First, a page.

I stand in the front yard for a while, figuring out where to go. I could climb through my sister’s bedroom window and hide out there until she gets home, then maybe she can help me. But she’s been acting strange lately and gets annoyed whenever I talk to her. She’s lucky because mom never seems to notice her as much as she notices me. I don’t know why. I do my best to blend in. I don’t make messes, keeping the house clean and organized like she likes it. I keep quiet. I stay in my room a lot and organize my toys in categories, just the way she likes them, yet she’s always calling for me. But Amy seems invisible to her.

She’s so lucky. I wish I were invisible.

I decide to go for a walk down to the gas station at the corner where I can get a candy bar or something because my stomach hurts from hunger. But as my feet touch the sidewalk, I hear the front door swing open.

“Luke, get in here right now,” she says in a frenzy, snapping her fingers and pointing to the ground below her feet. “I need you.”

I freeze, wishing I were brave enough to take off running down the sidewalk. Just leave. Never come back. Sleep in a box because a box seems so much nicer than my sterilized house. But I’m not brave and I turn around and face her just like she wants me to. She’s holding the door open, her hair pulled up messily on top of her head and she’s wearing this purple tank top and plaid shorts that she always wears. It’s pretty much like a uniform for her, expect she doesn’t have a job. Not a good one anyway where she has to wear a uniform. Instead, she sells her medicine to creepy men who are always staring at her or Amy when she walks out of her bedroom.

She crooks her finger at me. “Get in here.”

An unsteady breath leaves my mouth as I trudge to the front door, a nauseating feeling of puke rising in my stomach. It happens every time she needs me. I get sick to my stomach at the thoughts of what she’s going to make me do creep inside my head.

When I reach the stairs, she moves back, not looking happy, but not looking sad either. She holds the door open for me, watching me with her brown eyes that remind me of the bag of marbles she made me throw away because they didn’t look right. Once I’m inside, she closes the door and shoves the deadbolt over that’s at the top. She fastens the small chain and then clicks the lock on the doorknob before turning around.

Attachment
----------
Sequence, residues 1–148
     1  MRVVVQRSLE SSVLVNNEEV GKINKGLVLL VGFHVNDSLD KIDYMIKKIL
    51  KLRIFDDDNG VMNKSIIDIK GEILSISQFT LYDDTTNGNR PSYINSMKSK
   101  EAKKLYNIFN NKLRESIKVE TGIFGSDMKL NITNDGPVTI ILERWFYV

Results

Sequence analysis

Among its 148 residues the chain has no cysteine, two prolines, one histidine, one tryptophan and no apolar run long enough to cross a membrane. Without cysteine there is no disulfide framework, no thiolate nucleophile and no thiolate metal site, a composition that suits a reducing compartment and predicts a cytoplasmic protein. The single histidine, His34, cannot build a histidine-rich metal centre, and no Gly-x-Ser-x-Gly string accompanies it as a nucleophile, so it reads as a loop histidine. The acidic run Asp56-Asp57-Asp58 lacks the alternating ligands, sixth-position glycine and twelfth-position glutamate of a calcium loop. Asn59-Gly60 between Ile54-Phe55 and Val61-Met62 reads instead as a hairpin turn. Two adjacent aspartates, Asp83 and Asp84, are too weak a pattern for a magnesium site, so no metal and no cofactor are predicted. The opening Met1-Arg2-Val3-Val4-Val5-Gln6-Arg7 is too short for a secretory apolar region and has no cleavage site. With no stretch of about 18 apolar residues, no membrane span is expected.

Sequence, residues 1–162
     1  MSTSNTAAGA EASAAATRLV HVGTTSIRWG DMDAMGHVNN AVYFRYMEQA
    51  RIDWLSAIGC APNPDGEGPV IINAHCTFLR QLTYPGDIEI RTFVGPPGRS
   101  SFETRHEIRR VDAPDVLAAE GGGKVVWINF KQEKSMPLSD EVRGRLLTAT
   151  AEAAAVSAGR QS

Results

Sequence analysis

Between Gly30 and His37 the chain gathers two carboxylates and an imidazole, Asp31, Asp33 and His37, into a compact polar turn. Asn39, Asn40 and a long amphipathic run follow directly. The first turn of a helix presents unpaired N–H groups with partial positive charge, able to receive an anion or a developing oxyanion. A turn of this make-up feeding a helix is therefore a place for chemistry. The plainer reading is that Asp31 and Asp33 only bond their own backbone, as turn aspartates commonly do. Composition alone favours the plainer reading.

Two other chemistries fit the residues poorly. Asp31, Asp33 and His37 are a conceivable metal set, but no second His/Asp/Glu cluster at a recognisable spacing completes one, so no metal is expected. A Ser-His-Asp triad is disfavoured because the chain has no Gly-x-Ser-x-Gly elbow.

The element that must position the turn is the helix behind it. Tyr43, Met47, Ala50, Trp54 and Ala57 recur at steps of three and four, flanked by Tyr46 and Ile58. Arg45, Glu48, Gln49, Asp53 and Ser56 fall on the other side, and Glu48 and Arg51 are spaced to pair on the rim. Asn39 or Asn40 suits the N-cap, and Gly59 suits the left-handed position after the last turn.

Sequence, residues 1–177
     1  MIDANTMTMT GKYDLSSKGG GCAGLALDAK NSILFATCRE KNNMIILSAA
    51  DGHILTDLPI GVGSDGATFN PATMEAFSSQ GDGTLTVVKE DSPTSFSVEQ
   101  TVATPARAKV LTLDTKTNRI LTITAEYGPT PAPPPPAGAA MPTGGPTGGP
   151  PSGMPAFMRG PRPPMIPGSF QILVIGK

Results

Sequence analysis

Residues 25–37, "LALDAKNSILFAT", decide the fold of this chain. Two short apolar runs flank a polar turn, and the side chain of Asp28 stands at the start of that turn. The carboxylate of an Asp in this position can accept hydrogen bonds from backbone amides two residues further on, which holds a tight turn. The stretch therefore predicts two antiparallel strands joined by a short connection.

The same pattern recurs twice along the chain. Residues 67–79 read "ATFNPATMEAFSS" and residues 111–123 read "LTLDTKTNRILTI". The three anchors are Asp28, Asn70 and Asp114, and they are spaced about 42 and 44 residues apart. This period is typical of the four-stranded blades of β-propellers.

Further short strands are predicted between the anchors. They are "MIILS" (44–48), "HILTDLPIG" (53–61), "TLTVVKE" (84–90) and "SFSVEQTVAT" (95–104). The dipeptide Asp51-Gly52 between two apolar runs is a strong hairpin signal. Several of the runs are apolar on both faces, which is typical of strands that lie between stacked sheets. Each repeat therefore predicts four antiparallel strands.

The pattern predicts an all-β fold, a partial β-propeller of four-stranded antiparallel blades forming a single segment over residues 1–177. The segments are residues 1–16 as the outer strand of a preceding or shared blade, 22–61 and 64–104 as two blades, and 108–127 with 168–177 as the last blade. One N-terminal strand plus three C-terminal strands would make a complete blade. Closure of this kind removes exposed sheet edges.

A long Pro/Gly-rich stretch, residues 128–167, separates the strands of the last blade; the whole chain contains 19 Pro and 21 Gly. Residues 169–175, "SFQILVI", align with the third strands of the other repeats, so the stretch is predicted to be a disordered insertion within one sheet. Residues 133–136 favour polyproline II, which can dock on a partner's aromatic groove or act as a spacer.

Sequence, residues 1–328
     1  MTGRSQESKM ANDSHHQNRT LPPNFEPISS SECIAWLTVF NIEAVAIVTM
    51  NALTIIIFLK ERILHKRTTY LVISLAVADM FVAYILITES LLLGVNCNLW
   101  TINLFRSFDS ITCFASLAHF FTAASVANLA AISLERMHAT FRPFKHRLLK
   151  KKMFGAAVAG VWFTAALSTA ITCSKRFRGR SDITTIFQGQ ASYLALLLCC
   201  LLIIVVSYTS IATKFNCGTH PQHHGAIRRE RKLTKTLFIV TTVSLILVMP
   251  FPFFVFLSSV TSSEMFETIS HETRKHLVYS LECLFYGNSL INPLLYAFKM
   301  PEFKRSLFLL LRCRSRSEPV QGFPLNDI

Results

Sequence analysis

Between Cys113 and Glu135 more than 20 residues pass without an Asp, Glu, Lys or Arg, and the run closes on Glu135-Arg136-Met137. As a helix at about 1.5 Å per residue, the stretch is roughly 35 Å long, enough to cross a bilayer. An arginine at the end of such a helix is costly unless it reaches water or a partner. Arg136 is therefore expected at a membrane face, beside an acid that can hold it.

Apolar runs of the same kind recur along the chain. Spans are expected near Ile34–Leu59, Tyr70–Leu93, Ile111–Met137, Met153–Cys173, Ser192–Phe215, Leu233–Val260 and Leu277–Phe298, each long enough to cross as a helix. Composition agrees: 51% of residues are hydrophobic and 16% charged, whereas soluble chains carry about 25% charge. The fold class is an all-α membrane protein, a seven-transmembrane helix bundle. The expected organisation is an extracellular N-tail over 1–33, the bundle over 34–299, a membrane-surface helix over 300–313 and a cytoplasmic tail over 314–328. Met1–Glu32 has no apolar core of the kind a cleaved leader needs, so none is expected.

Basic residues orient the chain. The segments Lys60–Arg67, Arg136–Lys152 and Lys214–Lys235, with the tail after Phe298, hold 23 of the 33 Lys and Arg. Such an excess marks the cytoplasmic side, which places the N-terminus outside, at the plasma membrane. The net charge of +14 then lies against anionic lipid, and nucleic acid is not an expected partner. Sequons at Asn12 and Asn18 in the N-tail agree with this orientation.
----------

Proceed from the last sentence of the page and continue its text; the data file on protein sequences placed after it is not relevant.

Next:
The curtains are shut and there’s a lit cigarette on a teal glass ashtray that’s on the coffee table, filling the room with smoke. There’s a sofa just behind the table and it’s covered in plastic to keep “the dirty air from ruining the fabric,” my mother told me once. She always thinks the dirt in the air is going to do something to either the house or her, which is why she rarely goes outside anymore.

“Why’d you run off?” she asks me as she walks over the sofas and flops down in it. She picks up her cigarette and ashes it, before putting it into her mouth. She takes a deep inhale and seconds later a cloud of smoke circles around her face that’s covered in sores. “Were you playing a game or something?”

I nod, because telling her I was playing a game is much better than telling her I was hiding from her. “Yes.”

She takes another breath off her cigarette and then stares at the row of cat figurines on one of the shelves lining the living room walls. Each row on the shelf is organized with figurines, according to breed. She did it once when she was having one of her episodes from too much medication, the one that makes her stay awake for a long, long time, not the stuff that makes her pass out. The glass clinking together and her incoherent murmuring had woken me up when she was rearranging the figurines and when I’d walked out she was moving like crazy, frantically trying to get the animals into order or “something bad was going to happen.” She knew it was—she could feel it in her bones. I think something bad already did happen, though. A lot of bad things actually.

“Luke, pay attention,” my mom says. I tear my gaze away from the figurines, wishing I was one of them, so I could be up on the shelf, watching what’s about to happen instead of taking part in it. She switches her cigarette to her other hand and then leans to the side, grabbing her small wooden “medication box.” She sets in on her lap, puts the cigarette into her mouth one last time, and then sets it down so she can turn on the lamp. “Now quit messing around and come here, would ya?”

My body gets really tight and I glance over my shoulder at the front door, crossing my fingers that Amy will come home and interrupt us long enough that I can find another place to hide. But she doesn’t and I’m stuck out here. With her.